Spoilers might be armed and dangerous.
Perhaps I’ve been blogging about way too many movies and tv shows that are “acquired tastes” and “not necessarily your cup of tea” but I found myself a bit at a loss this weekend. So, although I had a few ideas I found myself in the need of a cleanser. This is my expression for a genre movie where I can just have a good time. The movie doesn’t have to be dumb, actually it does have to be smartly made, but it must be a movie that knows itself and takes the audience for a ride. Car chases are must. Fights must include an assortment of melee weapons.
John Wick: Chapter 3 – Parabellum knows exactly what kind of movie it is and what its audience wants from it. Chad Stahelski directs the third instalment of this franchise, which feels fresh anew. There’s something more stylish and at the same time more brutal this time around. Each scenario flows naturally into the next. You’re following the story from one location to the next happening almost organically. Mind you, I said organically, not realistically.
That is because there’s always been an element of fantasy in John Wick, where the assassins are all part of this criminal organization known as the High Table that spreads its tentacles around the world. There’s a lot of world building involved here as criminals even have consecrated entities such as The Continental, which is a lot more than a hotel. There’s also taxi drivers, seemingly homeless people, sushi chefs, etc. Think about the wizards from Harry Potter and you’ll have a clue how deep the rabbit hole goes.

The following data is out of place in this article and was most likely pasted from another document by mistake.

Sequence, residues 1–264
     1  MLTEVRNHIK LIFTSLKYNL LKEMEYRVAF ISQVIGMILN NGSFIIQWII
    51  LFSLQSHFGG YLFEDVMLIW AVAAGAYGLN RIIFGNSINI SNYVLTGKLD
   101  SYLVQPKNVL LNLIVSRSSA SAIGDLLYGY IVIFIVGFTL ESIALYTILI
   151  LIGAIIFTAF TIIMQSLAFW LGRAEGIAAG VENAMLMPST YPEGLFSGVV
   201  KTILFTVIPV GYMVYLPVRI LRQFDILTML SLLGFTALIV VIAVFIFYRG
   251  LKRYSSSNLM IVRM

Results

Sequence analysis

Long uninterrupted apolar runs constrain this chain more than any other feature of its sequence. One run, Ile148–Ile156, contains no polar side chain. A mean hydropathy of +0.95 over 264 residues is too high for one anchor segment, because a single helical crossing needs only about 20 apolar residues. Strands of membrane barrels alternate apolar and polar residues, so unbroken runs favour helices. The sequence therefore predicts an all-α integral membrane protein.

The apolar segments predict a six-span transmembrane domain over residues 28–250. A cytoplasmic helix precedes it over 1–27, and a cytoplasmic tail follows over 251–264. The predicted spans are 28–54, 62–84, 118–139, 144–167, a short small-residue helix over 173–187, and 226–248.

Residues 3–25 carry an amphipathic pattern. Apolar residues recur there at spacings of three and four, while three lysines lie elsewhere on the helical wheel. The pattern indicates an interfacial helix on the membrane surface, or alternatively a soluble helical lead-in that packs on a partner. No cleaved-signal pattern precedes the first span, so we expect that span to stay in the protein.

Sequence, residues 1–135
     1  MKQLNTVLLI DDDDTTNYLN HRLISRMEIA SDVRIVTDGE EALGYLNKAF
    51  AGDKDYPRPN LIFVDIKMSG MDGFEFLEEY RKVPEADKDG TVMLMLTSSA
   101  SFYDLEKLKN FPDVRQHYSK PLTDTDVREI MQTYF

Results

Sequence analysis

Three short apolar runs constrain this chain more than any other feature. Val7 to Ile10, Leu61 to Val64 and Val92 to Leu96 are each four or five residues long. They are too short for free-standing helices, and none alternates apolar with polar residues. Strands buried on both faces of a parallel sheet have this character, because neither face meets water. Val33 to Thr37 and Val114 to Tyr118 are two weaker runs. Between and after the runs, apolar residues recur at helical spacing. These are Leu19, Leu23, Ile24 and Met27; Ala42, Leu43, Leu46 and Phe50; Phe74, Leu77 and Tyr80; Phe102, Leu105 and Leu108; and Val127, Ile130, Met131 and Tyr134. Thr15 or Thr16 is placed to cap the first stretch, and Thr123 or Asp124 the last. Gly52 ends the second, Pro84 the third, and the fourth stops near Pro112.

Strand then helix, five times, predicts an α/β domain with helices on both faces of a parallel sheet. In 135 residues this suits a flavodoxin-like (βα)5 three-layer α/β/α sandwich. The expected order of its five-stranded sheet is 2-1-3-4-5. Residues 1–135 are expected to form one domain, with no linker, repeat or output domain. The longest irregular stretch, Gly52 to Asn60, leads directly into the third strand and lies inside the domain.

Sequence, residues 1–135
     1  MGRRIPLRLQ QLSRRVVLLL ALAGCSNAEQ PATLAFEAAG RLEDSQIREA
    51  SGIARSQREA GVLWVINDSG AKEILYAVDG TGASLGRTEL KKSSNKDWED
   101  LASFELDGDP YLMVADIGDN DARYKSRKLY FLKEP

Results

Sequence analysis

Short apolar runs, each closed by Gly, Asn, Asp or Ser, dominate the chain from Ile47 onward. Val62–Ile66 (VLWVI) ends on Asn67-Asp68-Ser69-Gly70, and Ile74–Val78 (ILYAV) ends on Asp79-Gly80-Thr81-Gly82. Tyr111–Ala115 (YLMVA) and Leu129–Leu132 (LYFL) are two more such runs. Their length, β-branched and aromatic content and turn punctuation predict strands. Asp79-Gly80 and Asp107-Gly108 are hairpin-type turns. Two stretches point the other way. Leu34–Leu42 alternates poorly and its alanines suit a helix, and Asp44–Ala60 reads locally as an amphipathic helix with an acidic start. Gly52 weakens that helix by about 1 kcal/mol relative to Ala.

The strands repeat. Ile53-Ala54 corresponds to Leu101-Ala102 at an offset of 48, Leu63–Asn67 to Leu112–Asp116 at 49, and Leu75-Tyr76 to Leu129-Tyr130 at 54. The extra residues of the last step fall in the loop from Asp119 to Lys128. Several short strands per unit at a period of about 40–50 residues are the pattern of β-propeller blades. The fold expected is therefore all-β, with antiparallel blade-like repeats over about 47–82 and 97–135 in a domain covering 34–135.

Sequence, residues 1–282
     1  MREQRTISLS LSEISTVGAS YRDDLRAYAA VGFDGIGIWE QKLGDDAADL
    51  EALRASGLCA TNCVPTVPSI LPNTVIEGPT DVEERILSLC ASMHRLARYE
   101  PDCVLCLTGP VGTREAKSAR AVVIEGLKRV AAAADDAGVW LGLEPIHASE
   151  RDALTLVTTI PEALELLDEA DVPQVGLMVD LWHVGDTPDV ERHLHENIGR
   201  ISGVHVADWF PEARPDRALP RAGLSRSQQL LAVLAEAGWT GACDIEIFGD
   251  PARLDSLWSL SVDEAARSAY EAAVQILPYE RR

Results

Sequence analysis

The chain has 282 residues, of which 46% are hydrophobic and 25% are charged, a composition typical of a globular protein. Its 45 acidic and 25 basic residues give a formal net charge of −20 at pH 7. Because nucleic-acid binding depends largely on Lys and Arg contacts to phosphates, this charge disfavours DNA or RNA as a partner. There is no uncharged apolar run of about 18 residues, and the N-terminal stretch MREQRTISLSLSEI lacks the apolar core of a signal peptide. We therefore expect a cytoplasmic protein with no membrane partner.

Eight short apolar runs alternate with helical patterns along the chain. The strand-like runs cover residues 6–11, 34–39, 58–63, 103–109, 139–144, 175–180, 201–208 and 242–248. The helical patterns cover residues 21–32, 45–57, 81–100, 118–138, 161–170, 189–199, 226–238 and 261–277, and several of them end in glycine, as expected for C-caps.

John Wick (Keanu Reeves) is still the same person. I believe our perception of him has grown and perhaps a couple of layers have been exposed since the first time we met him but this is still the same retired hitman that once came back to exact vengeance and now must deal with the entire world of murderers and assassins out to get him. If there is honour among thieves, there’s even more so when dealing with hired killers in his world.
After the second chapter, the super-assassin is excommunicado with a contract put on his head by Winston (Ian McShane), the manager of The Continental in New York. Nevertheless, John uses his last coin to send his dog to The Continental’s concierge Charon (Lance Reddick) for safeguarding. It’s a race then to get out of New York and to the distant city of Casablanca in Morocco to seek aid from The Continental over there, which is run by Sofia (Halle Berry).
Meanwhile Winston receives a visit from a High Table representative called the Adjudicator (Asia Kate Dillon). She’s visiting everyone that interacted with John in the past including the Bowery King (Lawrence Fishburne) and most recently The Director (Anjelica Huston). This little interactions give us a glimpse on John’s past, his former identity and background (Romani?), and even the fact that she had a daughter with Sofia (I said spoilers, people). They also tie up the action scenes together rather nicely.
John Wick is most often compared to Jason Bourne, not in background but in execution. Their primary motivator to keep people interested has always been action. That being said, John Wick’s world is primarily fantastic. Underground doctors fear the High Table’s wrath more than they do a bullet. Assassins stop in the middle of the fight to express their admiration and trust is re-established by killing old friends. It’s less realistic that the glamorous world of spies in James Bond, but definitely a lot of fun.
Highly recommended for action enthusiasts. This movie does amp the action to a hundred from the beginning and just leaves it there. The storyline never stops to explain why and how John Wick knows these new characters but lets us figure it out on our own, which is important but not crucial to the story. The movie knows we can figure it out while the guns are blazing and John is ready to take the next wave of killers thrown at him.
That will do for now.